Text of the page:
After assembly and binning of the sequences belonging to the run ERR1726523 (see the “Methods” section), we identified a 13 Mb bin that EukCC estimated to have a completeness of 87.62% with a contamination of 0.32%. EukCC inferred a taxonomic placement in the order Mamiellales (green algae). Using Mash, we compared this MAG, from here on out termed ‘TARA_1’, to eukaryotic genomes in GenBank, as well as to MAGs published by Delmont et al. [33], which were obtained by assembling and binning data from the prokaryotic size fraction of the TARA Ocean project. The best match within GenBank is the entry Bathycoccus sp. TOSAG39-1 (GCA_900128745.1, 10 Mb), with a Mash distance of 0.041. The taxonomy of the GenBank entry confirmed the EukCC inferred lineage and chosen SCMG set. In a pairwise alignment between ‘TARA_1’ and TOSAG39-1 using dnadiff, 52.01% of the MAG covered 78.97% of the reference genome with an ANI of 96.08. The identified reference genome was published by Vannier et al. [35] by merging four single-cell amplified genomes (SAGs). Vannier et al. estimated their SAG to be 64% complete using eukaryotic core genes from CEGMA. We estimated the quality of the SAG using BUSCO 4.0 and EukCC, which assessed the completeness to be 56.2% and 59.65% with a contamination of 7.4% and 14.04% respectively (See Table 1). The considerable amount of contamination may have resulted from the merging of the SAGs. The closest match of ‘TARA_1’ to the published TARA MAGs was the entry ‘TARA_PSE_MAG_00140’ with a Mash distance of 0.006. When comparing ‘TARA_1’ to the ‘TARA_PSE_MAG_00140’ MAG using a pairwise genomic alignment, 89.8% of ‘TARA_1’ covers 94.0% of ‘TARA_PSE_MAG_00140’ with an ANI of 99.49%.

Table 1 Genome quality metrics for the three genomes. BUSCO 4.0 and EukCC produce similar estimates for all three genomes. The MAG produced by Delmont et al. is substantially more complete than the next best entry in GenBank. The ‘TARA_1’ MAG is more complete and more continuous than both

To check for assembly and binning errors, we again analysed the MAG using the bin refinement method in anvi’o (Additional file 1: Fig. S6): the anvi’o clustering divides the bin into two main clusters. Both clusters share similar GC content and coverage. From each cluster, we inferred the taxonomic annotation by comparing a subsample of up to 200 proteins against Uniref90. For all analysed clusters, the consensus lineage ended at the genus Bathycoccaceae, indicating a consistent MAG with no significant contamination.

In summary, the genome quality estimates of our TARA_1 MAG compares favourably to both the GenBank entry TOSAG39-1 or the MAG TARA_PSE_MAG_00140, in terms of completeness and continuity. This example highlights that unsupervised recovery of eukaryotic MAGs at scale is feasible, with quality estimates on a par with carefully curated MAGs.

Discussion

Microbial eukaryotes represent a largely unexplored area of biodiversity. The use of modern genomic and metagenomic approaches are beginning to provide access to the genetic composition of these hitherto unknown organisms. However, in this study, we have demonstrated that widely used tools for estimating eukaryotic genome quality (completeness and contamination) do not work uniformly across all microbial eukaryotes, which limits their application—for example within large scale metagenomic pipelines.

Our results also highlight that the quality of the gene prediction step influences the quality estimates given by BUSCO—using NCBI RefSeq annotations instead of AUGUSTUS gene predictions raised the predicted average quality of the tested genomes. We could show that BUSCO 3.1 was not suitable to be used in a metagenomic context, as the eukaryota SCMG set consistently underestimated genome completeness within certain clades. This within-clade error cannot be explained by low quality reference genomes, but rather is indicative of a suboptimal eukaryota set. This issue has been overcome by BUSCO 4.0, which now offers an automated approach for marker gene set selection, similar to what has been proposed for EukCC. We showed that while BUSCO 4.0 has major advantages over BUSCO 3.1, BUSCO 4.0 still underestimates contamination across multiple clades.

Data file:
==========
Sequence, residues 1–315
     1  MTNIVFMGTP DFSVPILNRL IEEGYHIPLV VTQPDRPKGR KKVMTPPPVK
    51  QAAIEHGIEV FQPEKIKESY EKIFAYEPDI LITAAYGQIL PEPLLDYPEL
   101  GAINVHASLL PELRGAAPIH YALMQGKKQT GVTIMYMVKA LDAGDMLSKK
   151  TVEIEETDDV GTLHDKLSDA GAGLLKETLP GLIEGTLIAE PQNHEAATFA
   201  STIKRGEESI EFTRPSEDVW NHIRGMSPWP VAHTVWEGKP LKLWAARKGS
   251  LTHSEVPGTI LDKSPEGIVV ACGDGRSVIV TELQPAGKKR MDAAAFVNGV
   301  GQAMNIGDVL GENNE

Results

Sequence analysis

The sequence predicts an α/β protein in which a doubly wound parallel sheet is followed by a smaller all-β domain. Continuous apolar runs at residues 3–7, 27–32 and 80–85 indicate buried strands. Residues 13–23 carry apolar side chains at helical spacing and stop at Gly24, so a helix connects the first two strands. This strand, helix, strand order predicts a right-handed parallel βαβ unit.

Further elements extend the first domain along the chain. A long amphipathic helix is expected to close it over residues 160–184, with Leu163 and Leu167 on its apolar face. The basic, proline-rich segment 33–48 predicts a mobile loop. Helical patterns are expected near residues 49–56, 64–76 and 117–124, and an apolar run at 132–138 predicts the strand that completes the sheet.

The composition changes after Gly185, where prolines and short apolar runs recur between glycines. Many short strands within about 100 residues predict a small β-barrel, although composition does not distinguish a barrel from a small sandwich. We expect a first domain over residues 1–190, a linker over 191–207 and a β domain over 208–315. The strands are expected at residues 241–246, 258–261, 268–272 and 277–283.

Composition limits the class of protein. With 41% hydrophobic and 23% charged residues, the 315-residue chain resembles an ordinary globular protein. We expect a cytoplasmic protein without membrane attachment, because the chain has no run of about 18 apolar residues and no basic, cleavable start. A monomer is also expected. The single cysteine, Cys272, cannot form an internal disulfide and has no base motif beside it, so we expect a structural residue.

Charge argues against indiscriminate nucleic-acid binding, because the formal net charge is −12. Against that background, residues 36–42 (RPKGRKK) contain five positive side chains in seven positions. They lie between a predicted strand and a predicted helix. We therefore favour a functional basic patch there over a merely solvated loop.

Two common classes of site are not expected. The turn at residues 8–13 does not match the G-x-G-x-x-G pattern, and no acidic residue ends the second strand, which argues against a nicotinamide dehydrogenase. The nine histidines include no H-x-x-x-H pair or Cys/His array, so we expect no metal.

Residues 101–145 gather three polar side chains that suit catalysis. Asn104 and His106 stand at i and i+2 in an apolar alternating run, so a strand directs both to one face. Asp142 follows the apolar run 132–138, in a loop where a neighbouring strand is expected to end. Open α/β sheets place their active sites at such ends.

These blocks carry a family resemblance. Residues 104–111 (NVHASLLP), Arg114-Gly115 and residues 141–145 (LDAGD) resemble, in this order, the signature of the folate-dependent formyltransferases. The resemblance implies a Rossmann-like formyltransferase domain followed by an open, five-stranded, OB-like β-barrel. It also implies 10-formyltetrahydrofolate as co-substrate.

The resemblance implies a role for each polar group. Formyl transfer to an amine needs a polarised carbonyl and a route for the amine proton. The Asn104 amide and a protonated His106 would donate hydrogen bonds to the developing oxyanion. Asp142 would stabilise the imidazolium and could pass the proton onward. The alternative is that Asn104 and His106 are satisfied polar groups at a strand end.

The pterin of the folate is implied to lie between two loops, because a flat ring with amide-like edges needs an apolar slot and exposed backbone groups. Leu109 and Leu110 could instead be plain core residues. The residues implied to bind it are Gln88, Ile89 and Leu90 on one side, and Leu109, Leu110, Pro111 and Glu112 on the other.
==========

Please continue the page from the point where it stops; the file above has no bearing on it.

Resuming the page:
To overcome many of these limitations, we have developed EukCC, a novel tool to estimate microbial eukaryotic genome quality. EukCC uses a reference database to dynamically select the most appropriate out of 477 single copy marker genes sets. This set is then used to report genome completeness and contamination, as well as a taxonomic placement. Comparing EukCC and BUSCO 4.0 proved to be difficult due to the limited availability of novel microbial RefSeq genomes, which have not been included in neither EukCC’s training set nor in OrthoDB v10. Even though the chosen benchmark was not independent for BUSCO 4.0 we showed, using simulated data, that EukCC estimates genome quality across several taxonomic clades and performs on a par with, or better than, BUSCO. In addition, EukCC provides a more conservative contamination estimate across all tested clades, which is crucial to the field of metagenomics, where genomes are more likely to contain contaminating DNA. EukCC works independently of user input and can thus be used to analyse potential eukaryotic genomes from unknown species in an unsupervised environment. We showed that EukCC can identify contamination from similar and more distantly related species within a MAG. Nevertheless, it is worth noting that removal of contamination from foreign species is a topic that has recently been addressed by others, with software solutions such as CAT [36]. We think that removal of contigs from distantly related species, say a fungal contig in a Chlorophyta MAG, will be possible based on such approaches and that additional verification steps should always be considered when trying to assess the quality of MAGs.